PIC Political instability and poor economic performance: the dialogue gaps Islands Business Month 2011
[The East West Centre recently organized a “State of the Pacific Dialogue” between ambassadors, academics, representatives of multilateral organisations in Honolulu, and a few former politicians from Fiji. While most discussions were off the record, this presentation by Professor Wadan Narsey, given recently also to the USP School of Economics Seminar Series, was spared that limitation.]
Poor economic performances
Two facts stand out about the economic performance of the Pacific Island countries over the last three decades. First, the simple average growth rate of major PICs has seldom been above 3%, far inferior to that of relatively successful similar island countries like Mauritius. Of course, this performance is also way below that of China and India. Second, when individual countries are examined through the lens of 5 year averages, they all show long wasted periods of well below 3% economic growth, with growth sometimes being negative.
PNG has had many years of poor growth but its recent growth and future prospects are extremely good, especially with massive investments taking place in LNG and minerals. With extremely buoyant government revenues evident, PNG is set to become a major player, especially in the Melanesian Spearhead grouping.
Fiji’s performance has been on a long-term down trend for two decades.
Much of the poor performance of PICs may be attributed to the inability of political parties and leaders to co-operate in the governance of their countries and economies leading to loss of investor confidence. There are unstable governments due to shifting alliances, bad economic policies, lack of accountability of governments, and political and legal developments that destroy investor confidence.
The economic challenges
Major challenges for PICs were outlined: lack of gainful employment creation while population growth, school drop-outs and push-outs were creating unemployment time bombs (especially in the Melanesian countries); emigration of skilled persons, totally inadequate infrastructure (roads, water, sewerage, communications, hospitals, schools) with little hope of adequate government funds being available given poor economic growth (except now in PNG).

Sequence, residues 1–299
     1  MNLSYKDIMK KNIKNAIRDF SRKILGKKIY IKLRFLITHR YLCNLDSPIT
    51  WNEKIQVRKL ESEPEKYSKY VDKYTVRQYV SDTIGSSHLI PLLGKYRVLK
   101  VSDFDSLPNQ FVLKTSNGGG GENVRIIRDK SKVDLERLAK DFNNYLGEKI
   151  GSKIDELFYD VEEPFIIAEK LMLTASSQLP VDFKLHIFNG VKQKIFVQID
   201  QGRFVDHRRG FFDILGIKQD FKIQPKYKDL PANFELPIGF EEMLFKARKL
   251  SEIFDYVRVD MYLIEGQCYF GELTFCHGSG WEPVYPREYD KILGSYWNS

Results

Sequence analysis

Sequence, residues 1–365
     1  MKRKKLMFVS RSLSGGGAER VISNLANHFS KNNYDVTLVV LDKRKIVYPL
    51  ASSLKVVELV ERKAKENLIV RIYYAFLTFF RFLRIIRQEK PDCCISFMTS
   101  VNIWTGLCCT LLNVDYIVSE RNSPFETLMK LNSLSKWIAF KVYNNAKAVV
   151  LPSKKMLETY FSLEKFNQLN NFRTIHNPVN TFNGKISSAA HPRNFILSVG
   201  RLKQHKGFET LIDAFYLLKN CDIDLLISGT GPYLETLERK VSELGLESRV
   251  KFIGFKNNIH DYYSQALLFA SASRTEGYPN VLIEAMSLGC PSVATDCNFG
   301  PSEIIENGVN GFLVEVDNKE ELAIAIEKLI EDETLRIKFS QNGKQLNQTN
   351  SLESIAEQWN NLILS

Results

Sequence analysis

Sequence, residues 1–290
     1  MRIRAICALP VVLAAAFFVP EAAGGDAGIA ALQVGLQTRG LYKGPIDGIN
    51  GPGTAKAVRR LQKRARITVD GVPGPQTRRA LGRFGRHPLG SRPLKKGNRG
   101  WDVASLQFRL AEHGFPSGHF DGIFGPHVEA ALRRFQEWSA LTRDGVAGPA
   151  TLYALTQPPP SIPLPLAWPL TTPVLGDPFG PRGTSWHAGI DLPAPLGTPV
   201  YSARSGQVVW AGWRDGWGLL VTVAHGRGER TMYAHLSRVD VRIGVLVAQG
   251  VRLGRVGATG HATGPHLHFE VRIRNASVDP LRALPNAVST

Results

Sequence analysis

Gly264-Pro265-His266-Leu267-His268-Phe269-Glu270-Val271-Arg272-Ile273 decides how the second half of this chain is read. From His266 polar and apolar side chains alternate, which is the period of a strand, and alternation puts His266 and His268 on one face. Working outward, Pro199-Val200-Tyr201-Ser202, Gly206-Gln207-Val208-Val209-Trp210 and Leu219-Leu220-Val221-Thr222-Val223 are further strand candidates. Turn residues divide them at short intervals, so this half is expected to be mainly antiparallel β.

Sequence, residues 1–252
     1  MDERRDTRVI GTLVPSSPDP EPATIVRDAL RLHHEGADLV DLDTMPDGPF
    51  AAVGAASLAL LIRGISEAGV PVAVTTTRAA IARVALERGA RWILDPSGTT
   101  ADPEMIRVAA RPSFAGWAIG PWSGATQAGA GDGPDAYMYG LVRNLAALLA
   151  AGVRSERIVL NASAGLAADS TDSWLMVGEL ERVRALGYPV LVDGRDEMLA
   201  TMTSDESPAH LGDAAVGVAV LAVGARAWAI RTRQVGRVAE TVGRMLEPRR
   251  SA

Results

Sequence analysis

The presentation outlined a number of possible strategies that PIC governments could attempt: investment in WTO-compatible (especially service) industries, elimination of inefficient monopolies (government and private); removal of unjustifiable and inefficient protectionism; export of unskilled labor, and efficient, honest and accountable civil service.
The political challenges
A major ongoing problem was the lack of neutral and constructive dialogue spaces within PICs themselves, between the PICs and with and amongst donors operating in the PICs.
Within the PICs, there were poor governance structures: unsophisticated electorates not electing educated experienced leaders who could lead their peoples into the 21st century; parliaments dominated by unelected traditional leaders not selecting the best elected leaders for government positions (recent case of Tonga); political leaders enriching themselves at the expense of tax-payers; and the virtual absence of internal dialogue spaces where constructive debate on important national policy priorities could take place.
Regionally, the expulsion of Fiji from Forum has had the unintended effect of some countries feeling that Australia and NZ exercised an unhealthy influence in that dialogue space, leading the MSG to be seen as an alternative dialogue space. Should Australia and NZ withdraw from that arena for specific issues which PICs felt they needed their own dialogue space?